What if we took Matthew 25:31-46 to heart? We have folks arguing with passion in the PC(USA) that we have lost our way and that the ultimate issue isn’t about ordination or marriage standards but rather how we view the authority of Scripture. What if we all took Matthew 25:31-46 to heart? What if we all agreed, at least these verses should be normative or formative for us? The passage is about eternal life. It is about eternal punishment. It is about the second coming. It is about what we should be doing – right now. And it is about how we will be judged.
What is the judgment standard? It isn’t about who maintains this belief or that belief. It isn’t about ordination standards. It isn’t about our view of the Scripture. It isn’t even about our sex lives. What Jesus says will be the focus of our judgment is how we handled the least of these, or to put it another way, the least of us.
This is a question that goes well beyond the church as national, state, and city budgets are out of balance. We are not just church members, we are citizens as well. We are neighbors as well. It should be our focus spiritually, socially, economically, and politically. What are we doing for those that are hurting, are poor, are hungry, are sick, are ill prepared for life? What do we propose to do (and what are we actually doing) to make that different? This doesn’t mean traditionally ‘liberal’ answers necessarily. There is a good argument to be made that by the government shoving money toward the poor that they might do more harm than good. But we cannot stop there. If not there, then what? How are we going to help the least of these as a society? As a church? As a family? As a person?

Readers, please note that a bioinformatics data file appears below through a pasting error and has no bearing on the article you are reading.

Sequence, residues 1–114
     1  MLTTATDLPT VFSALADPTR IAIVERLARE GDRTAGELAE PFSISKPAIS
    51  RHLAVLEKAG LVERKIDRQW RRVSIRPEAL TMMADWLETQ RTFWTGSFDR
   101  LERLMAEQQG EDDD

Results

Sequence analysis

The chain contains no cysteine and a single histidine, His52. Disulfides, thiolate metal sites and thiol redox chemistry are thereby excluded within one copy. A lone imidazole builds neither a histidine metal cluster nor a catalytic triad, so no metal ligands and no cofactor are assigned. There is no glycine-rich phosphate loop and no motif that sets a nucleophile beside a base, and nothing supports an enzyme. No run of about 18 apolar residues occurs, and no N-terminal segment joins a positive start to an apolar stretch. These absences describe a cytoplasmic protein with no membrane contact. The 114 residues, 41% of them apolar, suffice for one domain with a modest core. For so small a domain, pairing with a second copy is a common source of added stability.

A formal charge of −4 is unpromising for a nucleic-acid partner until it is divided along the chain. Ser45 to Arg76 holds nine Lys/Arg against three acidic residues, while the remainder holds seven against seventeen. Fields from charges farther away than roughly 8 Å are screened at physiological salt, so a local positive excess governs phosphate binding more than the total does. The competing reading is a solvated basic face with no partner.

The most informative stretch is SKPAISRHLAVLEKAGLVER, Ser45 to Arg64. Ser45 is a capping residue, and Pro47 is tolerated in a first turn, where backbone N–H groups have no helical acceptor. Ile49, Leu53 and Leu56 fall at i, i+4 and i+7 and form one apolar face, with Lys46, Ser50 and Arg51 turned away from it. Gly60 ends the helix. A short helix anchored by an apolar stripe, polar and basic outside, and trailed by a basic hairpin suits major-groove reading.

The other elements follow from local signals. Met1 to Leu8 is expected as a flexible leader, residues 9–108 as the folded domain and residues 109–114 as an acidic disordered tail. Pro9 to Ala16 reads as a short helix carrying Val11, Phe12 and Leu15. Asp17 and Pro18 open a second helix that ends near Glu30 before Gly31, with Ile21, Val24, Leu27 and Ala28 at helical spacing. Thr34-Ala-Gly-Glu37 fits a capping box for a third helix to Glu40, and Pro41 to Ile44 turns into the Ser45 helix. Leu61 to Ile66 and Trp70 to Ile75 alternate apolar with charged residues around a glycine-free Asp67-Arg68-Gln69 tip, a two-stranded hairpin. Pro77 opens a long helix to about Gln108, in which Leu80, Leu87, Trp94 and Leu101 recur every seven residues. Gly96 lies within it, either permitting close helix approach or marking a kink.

Jesus even says we will meet him if this is our priority.
Shouldn’t this be our focus? Shouldn’t this be our function?
In these days of change, may Jesus’ words in Matthew 25:31-46 be our rallying point.
Until next time,